Clark University, Worcester (MA), USA
DIALOGICALITY OF ESTABLISHING CONTACT WITH ANOTHER:
HOW YOUNG PEOPLE STRUGGLE WITH COMING CLOSE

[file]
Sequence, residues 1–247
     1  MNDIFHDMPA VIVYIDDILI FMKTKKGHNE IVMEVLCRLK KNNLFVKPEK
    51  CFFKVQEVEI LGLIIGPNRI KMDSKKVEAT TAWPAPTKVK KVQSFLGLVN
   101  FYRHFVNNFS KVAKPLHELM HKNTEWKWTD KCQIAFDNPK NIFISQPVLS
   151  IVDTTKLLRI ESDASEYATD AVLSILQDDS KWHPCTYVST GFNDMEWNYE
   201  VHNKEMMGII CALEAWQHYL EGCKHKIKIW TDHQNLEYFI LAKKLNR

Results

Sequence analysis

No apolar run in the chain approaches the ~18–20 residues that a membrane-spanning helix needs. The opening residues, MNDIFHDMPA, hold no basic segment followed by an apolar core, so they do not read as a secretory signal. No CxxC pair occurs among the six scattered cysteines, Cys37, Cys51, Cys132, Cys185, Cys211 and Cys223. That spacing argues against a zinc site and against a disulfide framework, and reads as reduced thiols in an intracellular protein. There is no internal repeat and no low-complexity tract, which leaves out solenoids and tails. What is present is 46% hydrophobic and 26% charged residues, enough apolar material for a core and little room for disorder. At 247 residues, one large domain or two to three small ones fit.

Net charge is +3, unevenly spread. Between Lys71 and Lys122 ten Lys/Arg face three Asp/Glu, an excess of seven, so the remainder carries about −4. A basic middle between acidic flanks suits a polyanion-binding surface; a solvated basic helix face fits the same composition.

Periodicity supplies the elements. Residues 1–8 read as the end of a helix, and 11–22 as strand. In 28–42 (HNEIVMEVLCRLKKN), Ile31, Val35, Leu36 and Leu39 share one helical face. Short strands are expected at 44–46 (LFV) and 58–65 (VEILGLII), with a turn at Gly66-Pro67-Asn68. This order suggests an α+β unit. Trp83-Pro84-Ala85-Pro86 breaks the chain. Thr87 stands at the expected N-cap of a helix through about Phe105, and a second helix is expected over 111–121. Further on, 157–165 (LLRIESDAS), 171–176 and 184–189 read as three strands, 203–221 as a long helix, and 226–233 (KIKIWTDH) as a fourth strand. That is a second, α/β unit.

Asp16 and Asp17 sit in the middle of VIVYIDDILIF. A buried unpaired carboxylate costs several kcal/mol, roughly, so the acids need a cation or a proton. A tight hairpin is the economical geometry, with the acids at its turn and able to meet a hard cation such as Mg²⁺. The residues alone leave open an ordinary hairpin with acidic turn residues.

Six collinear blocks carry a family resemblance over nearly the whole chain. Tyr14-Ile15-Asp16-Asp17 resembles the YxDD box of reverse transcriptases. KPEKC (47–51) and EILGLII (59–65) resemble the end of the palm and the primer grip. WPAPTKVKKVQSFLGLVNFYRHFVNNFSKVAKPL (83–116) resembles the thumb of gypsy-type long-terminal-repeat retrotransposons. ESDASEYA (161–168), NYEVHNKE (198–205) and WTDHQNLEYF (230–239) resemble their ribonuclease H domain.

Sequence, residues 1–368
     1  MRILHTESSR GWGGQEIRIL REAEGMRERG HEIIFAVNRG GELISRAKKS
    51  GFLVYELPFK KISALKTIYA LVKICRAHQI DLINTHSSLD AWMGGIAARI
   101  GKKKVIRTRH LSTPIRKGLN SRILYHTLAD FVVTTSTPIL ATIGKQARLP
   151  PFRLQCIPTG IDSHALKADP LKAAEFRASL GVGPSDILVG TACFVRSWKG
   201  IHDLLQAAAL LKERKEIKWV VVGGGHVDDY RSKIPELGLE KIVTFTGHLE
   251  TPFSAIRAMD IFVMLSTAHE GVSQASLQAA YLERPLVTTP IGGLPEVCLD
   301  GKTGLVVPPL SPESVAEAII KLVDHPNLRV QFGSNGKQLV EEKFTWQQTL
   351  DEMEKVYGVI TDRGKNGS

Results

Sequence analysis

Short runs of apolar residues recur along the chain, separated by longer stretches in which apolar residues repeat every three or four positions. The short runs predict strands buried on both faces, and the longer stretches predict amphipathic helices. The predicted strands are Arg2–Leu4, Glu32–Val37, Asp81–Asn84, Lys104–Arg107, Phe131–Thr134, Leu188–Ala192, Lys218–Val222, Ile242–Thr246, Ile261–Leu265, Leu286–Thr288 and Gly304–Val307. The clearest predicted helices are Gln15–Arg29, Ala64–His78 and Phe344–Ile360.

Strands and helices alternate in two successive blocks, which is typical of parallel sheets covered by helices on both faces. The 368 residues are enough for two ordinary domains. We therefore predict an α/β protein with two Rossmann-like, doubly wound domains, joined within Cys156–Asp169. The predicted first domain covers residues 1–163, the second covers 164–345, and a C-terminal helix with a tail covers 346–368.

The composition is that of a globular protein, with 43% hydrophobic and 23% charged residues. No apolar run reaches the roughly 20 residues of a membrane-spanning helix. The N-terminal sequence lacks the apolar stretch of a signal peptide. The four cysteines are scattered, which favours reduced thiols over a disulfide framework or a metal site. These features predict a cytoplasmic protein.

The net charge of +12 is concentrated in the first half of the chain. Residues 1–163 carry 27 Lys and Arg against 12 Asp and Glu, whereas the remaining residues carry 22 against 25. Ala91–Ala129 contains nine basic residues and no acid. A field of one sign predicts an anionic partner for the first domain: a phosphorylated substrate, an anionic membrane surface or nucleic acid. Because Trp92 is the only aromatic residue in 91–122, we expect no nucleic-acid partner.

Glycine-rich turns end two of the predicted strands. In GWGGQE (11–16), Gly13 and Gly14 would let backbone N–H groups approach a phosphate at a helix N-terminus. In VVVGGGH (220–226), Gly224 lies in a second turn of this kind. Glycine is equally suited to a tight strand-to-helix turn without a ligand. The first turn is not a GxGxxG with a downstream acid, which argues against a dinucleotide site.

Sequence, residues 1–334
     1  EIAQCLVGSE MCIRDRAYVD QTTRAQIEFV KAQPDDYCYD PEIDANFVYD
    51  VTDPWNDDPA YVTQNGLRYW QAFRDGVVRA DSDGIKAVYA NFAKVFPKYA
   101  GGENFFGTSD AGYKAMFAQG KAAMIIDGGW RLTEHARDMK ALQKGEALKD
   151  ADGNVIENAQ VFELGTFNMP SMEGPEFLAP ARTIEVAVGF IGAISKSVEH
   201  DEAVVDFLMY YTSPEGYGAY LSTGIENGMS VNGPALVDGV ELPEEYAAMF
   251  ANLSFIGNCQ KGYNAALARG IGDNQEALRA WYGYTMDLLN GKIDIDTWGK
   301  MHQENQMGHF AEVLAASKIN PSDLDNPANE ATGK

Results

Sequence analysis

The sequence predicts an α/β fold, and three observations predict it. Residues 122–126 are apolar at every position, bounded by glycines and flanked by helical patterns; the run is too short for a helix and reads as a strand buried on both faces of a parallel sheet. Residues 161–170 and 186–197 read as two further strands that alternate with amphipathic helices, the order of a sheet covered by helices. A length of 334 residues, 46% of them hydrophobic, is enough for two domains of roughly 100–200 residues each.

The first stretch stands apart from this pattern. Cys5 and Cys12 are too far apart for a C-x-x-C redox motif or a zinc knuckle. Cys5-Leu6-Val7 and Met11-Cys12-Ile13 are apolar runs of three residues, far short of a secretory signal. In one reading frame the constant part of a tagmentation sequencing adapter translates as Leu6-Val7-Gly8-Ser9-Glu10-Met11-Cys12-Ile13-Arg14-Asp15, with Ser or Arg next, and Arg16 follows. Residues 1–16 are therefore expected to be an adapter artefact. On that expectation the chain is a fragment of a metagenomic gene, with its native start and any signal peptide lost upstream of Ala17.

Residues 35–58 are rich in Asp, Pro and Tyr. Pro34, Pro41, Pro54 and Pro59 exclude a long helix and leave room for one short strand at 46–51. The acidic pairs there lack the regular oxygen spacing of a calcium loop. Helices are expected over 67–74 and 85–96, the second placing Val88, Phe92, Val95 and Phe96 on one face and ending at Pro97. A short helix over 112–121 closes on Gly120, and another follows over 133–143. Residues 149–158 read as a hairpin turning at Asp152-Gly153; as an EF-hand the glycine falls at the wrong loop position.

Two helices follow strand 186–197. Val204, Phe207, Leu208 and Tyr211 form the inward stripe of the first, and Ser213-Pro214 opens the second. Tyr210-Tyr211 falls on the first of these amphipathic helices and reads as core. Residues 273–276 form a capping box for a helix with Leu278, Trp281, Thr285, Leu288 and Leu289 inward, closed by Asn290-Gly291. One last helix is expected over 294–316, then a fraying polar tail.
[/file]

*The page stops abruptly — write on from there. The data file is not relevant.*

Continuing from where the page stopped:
Any new human relationship is inherently ambiguous, and its establishment is a process high in intra-psychological dialogicality. Initiating interaction with an attractive person of the opposite sex is filled with dialogicality. These oppositional forces - approach the other while avoiding rejection by the other - were examined by a task of writing a letter to a person shown on a photograph. Each letter was coded for patterns of dialogicality in the seventeen (out of 30 persons) who expressed an interest in 'establishing a close relationship' with the pictured person. This analysis was used to understand movements from one sentence to the next in two selected cases. Persistent advance was possible only through a negotiation of strategies accomplished in dialogue with conceptions of the self and with conceptions of the other. Some forms of approach were avoided due to the intensity of the person's interpretation of the 'other's' possible answers, and were replaced by strategies within the subject's 'comfort zone'. A methodology that incorporates dialogicality will be outlined that allows to understand processes by which a person decides to approach or avoid contact with another.